The slightly-cranky voice navigating the world of educational “reform” while trying to still pursue the mission of providing quality education.
The 2017 Dozen: What Can I Do?
There was certainly lots to not love about the year on many scales. Some of that is real (Carrie Fisher and Debbie Reynolds gone in two days??!!), and some of it is just heightened sensitivity to what is not really news (What?! America still has racism!?). There’s a veritable cornucopia of reasons for folks to be dissatisfied with the year. On the other hand, personally, my son got married, my daughter delivered her second child, my wife and I made a cross-country trip I’ve always dreamed about, and we are expecting twins next summer. Plus I still have one of the best jobs in the world.
So as we’ve all been trying to answer the question of how to move into 2017, I’ve been thinking about the space between the personal view and the larger picture. The larger picture can seem loaded with lots of frustration and despair and helplessness, but on the personal level…? On that level I get to choose what I do, how I react, what steps I take . It’s where my greatest power lies, and so, my greatest responsibility.
So here’s what I tell myself going into 2017.
1) Be present and pay attention. It is easy to get wrapped up in the To Do List of the classroom teacher. Well, easy for me, anyway. But our students need to be present and paying attention, to hear what they say and see who they are even when they aren’t explicitly trying to be seen and heard. Nothing that I do in a classroom is more important than finding the connection to each student.
2) Do not wait for someone else to stand up. Do not count on someone else to advocate for what I care about. Do not leave it to someone else to call a Congressperson or a state official about the issues that matter. Especially don’t say, “That’s what I pay union dues for. They can handle it.” Call. Write. Speak up. Stand up.
3) Don’t waste energy. Don’t waste energy getting worked up about things that haven’t actually happened yet. Pay attention, but don’t mistake your predictions and fear for true future history. React to what actually happens. You know you’ve lost the thread when you are angry at students, colleagues, friends, and elected officials for things they haven’t actually done.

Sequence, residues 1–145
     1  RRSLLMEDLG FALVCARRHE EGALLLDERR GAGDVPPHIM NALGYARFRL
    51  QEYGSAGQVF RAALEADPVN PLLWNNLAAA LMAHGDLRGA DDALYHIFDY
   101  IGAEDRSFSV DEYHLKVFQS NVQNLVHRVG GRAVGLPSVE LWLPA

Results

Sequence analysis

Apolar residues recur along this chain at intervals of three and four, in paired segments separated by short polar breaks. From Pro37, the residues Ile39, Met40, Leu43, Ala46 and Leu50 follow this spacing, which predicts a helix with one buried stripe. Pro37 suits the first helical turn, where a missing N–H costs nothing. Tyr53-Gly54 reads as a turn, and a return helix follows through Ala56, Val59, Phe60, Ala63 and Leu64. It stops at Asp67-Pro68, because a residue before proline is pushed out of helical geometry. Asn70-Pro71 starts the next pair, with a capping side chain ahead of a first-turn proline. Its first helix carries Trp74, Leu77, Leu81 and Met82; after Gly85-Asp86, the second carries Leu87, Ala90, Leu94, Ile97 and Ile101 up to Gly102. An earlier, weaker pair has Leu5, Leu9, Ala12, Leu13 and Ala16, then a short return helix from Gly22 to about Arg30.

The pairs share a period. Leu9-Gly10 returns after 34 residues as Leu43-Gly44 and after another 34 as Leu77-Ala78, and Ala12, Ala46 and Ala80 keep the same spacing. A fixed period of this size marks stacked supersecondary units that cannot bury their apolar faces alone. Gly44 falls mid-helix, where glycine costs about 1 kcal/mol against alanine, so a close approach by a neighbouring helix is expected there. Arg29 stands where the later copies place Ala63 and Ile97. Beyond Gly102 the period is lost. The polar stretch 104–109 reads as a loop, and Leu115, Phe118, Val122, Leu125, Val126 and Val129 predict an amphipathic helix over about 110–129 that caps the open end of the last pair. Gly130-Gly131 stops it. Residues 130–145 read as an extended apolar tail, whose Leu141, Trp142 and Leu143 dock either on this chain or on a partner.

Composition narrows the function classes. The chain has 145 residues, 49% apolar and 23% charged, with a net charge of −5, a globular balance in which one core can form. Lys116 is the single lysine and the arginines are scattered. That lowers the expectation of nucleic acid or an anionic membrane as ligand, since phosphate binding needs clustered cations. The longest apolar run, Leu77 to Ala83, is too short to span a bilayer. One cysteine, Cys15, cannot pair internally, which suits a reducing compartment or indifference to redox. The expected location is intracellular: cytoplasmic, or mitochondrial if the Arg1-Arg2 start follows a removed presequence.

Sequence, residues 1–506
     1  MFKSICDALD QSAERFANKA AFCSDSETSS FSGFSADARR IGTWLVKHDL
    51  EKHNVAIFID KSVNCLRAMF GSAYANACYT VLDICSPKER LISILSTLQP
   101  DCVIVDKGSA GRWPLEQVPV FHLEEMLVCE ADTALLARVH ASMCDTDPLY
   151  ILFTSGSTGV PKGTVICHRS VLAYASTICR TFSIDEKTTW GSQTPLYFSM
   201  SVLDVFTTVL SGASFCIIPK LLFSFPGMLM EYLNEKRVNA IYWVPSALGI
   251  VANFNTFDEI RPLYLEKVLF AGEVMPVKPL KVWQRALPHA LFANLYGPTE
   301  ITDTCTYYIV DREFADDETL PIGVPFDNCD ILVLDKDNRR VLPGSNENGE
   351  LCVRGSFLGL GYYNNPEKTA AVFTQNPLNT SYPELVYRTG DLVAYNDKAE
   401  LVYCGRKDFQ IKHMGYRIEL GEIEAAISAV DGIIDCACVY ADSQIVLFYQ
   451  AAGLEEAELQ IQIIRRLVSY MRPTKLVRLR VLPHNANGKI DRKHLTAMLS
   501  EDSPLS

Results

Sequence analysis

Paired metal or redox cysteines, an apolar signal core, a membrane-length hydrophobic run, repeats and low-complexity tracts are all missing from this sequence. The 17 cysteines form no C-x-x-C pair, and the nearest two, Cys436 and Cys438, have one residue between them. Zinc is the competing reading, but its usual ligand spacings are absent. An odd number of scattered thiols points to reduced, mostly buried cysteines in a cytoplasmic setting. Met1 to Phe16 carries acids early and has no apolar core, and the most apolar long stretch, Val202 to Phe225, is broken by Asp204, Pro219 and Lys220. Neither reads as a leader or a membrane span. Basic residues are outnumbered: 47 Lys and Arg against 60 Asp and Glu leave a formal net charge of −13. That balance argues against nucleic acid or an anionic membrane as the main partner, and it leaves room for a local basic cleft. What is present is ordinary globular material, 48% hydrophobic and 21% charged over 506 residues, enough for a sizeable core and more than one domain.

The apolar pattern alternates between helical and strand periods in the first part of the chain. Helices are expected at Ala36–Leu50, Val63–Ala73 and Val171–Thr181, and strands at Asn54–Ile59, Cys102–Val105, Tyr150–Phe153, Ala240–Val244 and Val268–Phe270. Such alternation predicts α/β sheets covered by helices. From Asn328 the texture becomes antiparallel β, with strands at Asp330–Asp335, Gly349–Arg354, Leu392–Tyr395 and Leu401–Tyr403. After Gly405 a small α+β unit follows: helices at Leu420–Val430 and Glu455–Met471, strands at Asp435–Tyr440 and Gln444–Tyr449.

4) Read up. Study up. Know what there is to know about the work of teaching, and keep trying to learn more.
5) When the door opens, say yes. If it’s the teachable moment, don’t reject it because it’s not in the plan. If it’s the moment someone needs you, don’t turn your back because you have other things to do. If it’s opportunity, don’t close the door because the timing is inconvenient. Mostly you don’t get to choose when the door opens, but you do get to choose whether or not to say yes. Say yes.
6) Be honest. There isn’t anything more important. Even if it bothers members of your own tribe. Even if it isn’t what was true to you yesterday. Even if you are afraid to be seen by those who may strike back.
7) Give the students more feedback more often more soon. I make this pledge every year. It’s possible I will not ever be satisfied with my results.
8) Remember that while you share fundamental human qualities with every other human being, you have vastly different experiences. Your normal is not everybody’s normal. In particular, remember that other people may be struggling on a hill that you never even had to climb. Do not confuse a difference in experience for a difference in basic humanity; if you imagine that the hill they are struggling on would never have stopped you for a second because you are stronger or grittier or better, you probably don’t understand either yourself or that hill as well as you should.
9) Value people. Value people. Value people. Money and power and privilege are only important insofar as they help you take care of other people. The circumstances of your life, particularly the circumstances of your profession, have put a whole bunch of people right in your path. Start by looking out for them.
10) Advocate for what you want, not what you don’t want. You already know this from the classroom– it is infinitely more useful to tell a student what you want him to do instead of what you want him not to do.
11) Always say what you mean, and say it like you really mean it. Never stop considering the possibility that you may need to change your mind.
12) Never let tradition, authority, systems, habit, or other people’s power substitute for using your best fresh judgment. Start the question from scratch; if you were in the right place before, you’ll be lead right there again. Don’t just grab last year’s unit plan– ask yourself how you, right now, would teach that unit. And always make sure your best fresh judgment includes consideration of the ideas and words of other smart people.
That’s my dozen for this year– which should be an exciting year indeed.